A Billion-Dollar Racket

Sept. 10, 2007
Sept. 10, 2007

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Sept. 10, 2007

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A Billion-Dollar Racket

Betting on tennis is now a big business—just ask the fixers

EARLY THIS PASTMarch, on the eve of a men's Masters Series tennis tournament at Indian Wells,Calif., the phone rang in Dmitry Tursunov's hotel room. "Would you like tomake some money?" the caller asked. It wasn't the first time the27th-ranked Russian had been asked that question in that particular way. In thefall of 2006, Tursunov was contacted by an unknown voice offering cash formatch fixing. "It happened to a lot of players," he said. "I don'tknow if it's the same person, but I think everybody gets contacted. And whetheryou act on it or not, it's a problem."

This is an article from the Sept. 10, 2007 issue

And you thoughttennis's biggest headaches were sagging TV ratings and goofy outfits. Stillreeling from suspicious betting patterns surrounding an Aug. 2 match involvingits No. 4 player, Nikolay Davydenko, the sport has found its American showcase,the U.S. Open, dominated by a scandal in the making. New signs in the lockerroom state the USTA's zero-tolerance policy against betting; personnel from ahurriedly hired security firm monitor the players lounge. American player PaulGoldstein told USA Today that he'd been contacted by gambling interests.Lleyton Hewitt said France's Michael Llodra had also, and the French newspaperL'Equipe reported that two unnamed players admitted the same. Last week, No. 56Janko Tipsarevic told SI that he, too, has fended off gamblers seeking an edge,leaving the impression of a tour under quiet and slimy siege. "[Gambling]was the elephant in the room," said ATP president Etienne de Villiers."So the elephant has finally come out."

Tipsarevic says hewas approached by strangers "maybe a couple of times, but before they evensay the price, how much, I say, 'Please, please, please,' and then they leaveme alone. Normally it's a guy you've seen for the first time in your life. Hesays, 'Hi, how are you?' And then, 'I have an offer for you.'"

In a sense thisshould come as no shock: Especially outside the U.S., gambling on tennis is abooming business. At Betfair, the largest online bookmaker in England, tennisis the third-most-popular sport (behind horse racing and soccer) and thefastest growing. Betfair expects to take in $1 billion in bets on this year'sU.S. Open—up 50% from last year. Last month Betfair canceled all bets on amatch between Davydenko and Argentine Martín Vassallo Arg√ºello in Sopot,Poland, after seeing a tenfold spike in betting—with most bets going againstDavydenko after he won the first set. Davydenko retired from the match in thethird set due to a foot injury. A week later he was playing in Montreal. (Heproclaimed his innocence and is expected to talk to tour investigators laterthis month.)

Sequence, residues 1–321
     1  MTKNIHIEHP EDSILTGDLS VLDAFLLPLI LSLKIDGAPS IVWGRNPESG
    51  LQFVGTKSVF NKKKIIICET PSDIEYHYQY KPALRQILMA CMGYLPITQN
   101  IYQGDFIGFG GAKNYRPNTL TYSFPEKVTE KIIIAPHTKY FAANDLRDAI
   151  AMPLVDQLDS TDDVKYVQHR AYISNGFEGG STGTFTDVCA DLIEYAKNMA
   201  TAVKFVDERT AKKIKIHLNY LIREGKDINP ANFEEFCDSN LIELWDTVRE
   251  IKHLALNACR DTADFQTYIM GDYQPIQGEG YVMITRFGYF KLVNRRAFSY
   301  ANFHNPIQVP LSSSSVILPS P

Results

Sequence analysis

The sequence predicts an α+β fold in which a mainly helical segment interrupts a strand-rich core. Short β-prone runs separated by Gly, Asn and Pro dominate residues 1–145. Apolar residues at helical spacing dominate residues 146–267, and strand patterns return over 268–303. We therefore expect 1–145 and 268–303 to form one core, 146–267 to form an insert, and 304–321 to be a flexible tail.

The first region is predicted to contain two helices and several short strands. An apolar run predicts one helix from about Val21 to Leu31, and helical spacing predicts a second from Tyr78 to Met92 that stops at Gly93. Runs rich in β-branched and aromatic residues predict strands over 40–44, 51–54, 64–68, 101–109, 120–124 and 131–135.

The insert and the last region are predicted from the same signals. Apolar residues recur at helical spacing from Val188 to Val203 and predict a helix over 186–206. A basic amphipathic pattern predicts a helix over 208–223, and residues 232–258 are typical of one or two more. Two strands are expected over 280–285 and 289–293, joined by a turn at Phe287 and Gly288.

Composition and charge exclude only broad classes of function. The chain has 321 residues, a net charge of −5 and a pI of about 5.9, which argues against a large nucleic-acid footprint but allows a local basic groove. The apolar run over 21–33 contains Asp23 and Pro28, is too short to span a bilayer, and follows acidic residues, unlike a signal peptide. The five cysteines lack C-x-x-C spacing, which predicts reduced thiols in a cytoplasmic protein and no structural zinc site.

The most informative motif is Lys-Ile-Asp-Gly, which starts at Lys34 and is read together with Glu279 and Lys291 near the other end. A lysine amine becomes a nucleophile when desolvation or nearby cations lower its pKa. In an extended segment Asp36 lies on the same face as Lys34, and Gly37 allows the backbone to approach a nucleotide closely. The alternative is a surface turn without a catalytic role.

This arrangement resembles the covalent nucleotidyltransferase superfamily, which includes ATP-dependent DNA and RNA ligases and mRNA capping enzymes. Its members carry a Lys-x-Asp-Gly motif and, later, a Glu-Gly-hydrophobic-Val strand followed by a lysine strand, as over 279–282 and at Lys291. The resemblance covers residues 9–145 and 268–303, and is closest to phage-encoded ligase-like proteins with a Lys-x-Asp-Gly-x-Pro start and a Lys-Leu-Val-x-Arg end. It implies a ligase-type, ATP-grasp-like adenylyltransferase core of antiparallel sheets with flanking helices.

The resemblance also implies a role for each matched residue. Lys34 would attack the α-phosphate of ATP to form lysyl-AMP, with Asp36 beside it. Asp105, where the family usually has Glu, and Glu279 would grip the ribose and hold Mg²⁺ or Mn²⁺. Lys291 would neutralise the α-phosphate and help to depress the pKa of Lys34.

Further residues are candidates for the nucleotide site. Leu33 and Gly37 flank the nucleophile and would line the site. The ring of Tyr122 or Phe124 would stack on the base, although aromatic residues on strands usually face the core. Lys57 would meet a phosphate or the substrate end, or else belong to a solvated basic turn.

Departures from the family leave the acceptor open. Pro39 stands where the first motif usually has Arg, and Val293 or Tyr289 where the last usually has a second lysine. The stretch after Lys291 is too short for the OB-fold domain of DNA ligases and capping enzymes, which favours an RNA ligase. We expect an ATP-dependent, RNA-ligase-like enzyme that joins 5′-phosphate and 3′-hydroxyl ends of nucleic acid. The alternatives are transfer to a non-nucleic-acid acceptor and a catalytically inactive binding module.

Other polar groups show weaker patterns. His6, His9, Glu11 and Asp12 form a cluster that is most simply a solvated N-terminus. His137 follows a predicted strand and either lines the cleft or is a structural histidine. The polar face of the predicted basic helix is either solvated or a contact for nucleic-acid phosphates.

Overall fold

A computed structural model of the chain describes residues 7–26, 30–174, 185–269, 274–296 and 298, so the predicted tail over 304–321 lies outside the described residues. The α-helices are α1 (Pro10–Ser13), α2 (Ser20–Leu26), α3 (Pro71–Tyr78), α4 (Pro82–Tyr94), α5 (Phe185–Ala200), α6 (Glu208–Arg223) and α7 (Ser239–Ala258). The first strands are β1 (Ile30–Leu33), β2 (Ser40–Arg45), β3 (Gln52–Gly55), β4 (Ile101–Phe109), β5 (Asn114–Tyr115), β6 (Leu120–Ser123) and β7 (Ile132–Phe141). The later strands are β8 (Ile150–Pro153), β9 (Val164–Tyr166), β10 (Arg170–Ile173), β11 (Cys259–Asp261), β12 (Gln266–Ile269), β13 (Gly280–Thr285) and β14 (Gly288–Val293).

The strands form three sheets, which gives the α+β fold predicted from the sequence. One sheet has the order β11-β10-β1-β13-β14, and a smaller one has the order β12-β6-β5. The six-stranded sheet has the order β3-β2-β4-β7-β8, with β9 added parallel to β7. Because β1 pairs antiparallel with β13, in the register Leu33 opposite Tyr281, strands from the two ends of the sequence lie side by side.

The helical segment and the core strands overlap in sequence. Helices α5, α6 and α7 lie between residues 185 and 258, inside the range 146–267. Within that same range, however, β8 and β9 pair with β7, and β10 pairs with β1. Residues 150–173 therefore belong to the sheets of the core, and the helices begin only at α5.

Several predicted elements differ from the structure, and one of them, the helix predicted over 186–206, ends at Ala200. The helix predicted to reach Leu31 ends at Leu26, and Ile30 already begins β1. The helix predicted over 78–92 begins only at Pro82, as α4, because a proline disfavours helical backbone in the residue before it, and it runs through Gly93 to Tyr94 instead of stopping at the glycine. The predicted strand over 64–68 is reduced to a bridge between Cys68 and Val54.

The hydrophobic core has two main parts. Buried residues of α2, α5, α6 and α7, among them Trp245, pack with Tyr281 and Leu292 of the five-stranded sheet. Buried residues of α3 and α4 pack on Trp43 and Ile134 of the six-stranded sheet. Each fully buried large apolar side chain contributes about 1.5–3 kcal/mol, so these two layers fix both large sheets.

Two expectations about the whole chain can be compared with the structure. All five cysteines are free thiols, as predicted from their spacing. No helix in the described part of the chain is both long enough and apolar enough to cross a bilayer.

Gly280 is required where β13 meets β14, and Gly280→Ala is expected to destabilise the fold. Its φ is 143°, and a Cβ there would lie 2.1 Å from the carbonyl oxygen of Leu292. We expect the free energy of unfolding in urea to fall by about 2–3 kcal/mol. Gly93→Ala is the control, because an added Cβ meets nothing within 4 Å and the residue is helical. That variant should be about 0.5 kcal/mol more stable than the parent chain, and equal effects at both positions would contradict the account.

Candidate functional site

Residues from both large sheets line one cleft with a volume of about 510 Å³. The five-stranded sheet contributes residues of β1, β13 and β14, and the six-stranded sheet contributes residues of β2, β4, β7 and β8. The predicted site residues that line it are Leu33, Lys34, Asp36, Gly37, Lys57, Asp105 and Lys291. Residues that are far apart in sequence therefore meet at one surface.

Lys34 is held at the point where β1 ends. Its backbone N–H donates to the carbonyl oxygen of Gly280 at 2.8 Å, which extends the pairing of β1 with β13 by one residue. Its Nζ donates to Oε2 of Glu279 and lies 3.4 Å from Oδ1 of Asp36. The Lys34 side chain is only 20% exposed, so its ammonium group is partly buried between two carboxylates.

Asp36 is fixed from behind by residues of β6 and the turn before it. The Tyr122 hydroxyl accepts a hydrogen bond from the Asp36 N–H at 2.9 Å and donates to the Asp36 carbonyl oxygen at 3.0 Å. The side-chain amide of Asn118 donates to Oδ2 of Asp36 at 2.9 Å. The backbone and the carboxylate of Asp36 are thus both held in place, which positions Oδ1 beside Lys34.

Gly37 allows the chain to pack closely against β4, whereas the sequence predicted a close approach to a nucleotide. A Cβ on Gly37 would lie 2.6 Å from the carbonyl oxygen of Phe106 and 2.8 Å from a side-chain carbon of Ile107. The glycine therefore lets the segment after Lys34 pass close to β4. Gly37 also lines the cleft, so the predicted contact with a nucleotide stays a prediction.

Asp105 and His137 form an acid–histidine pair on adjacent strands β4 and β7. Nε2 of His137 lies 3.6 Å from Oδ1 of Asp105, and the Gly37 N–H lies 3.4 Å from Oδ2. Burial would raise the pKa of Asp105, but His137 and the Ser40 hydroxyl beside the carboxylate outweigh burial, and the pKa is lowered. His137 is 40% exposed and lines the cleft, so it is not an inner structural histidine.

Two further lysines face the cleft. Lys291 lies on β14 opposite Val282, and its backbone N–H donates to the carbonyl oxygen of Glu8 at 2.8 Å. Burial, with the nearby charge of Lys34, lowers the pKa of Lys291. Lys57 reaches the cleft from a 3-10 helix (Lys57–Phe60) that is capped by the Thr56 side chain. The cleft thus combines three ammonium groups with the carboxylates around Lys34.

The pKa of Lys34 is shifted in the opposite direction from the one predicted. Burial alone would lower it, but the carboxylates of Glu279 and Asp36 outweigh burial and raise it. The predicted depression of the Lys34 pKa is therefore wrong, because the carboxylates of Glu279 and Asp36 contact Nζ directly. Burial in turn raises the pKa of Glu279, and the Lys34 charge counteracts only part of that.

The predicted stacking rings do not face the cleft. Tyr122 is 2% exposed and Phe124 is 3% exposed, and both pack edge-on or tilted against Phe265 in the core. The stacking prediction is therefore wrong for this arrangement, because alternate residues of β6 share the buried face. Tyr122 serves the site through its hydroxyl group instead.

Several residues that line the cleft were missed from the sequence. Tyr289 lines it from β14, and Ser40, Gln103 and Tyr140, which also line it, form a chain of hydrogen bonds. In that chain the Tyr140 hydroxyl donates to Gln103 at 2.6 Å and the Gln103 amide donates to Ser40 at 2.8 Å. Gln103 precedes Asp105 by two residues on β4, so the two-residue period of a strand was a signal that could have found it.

But long beforel'affaire Davydenko, tennis was ripe for a betting scandal. Players operateindependently, beyond the prying eyes of teammates or team staff. A five-setmatch can easily turn on one slightly shanked backhand or the sudden onset ofcramps. The Australian Open has betting windows on-site, bookmakers work ashort walk from Wimbledon's grounds, and one of the sport's most storiedmatches—the 1973 Battle of the Sexes between Billie Jean King and BobbyRiggs—is still dogged by rumors that Riggs, a longtime hustler, made a bundleby betting on King.

Ever since therise in Internet betting threw the result of a 2003 match between future propoker player Yevgeny Kafelnikov and Fernando Vicente into question, tennis hastried to build what ATP officials call "a wall" around the game. Yetevery player represents a potential entry point. Both Tursunov and Tipsarevicsaid that they didn't report their suspicious conversations to ATP officials.Their attitude isn't rare. Odd as it seems, the same players who complain aboutthieves in the Wimbledon locker room haven't been nearly as panicked abouttheir integrity. "I can say, 'Somebody called me,'" Tursunov said,"but what are they going to do?"

On Friday, DeVilliers announced that the ATP board would push for a rule stipulating thatplayers must report even the slightest whiff of attempted tampering or facepenalties. The organization had better do more than push, though. Anytime youhave billions being bet on human beings, corruption is a given. Without theplayers' full commitment here, tennis doesn't stand a chance.

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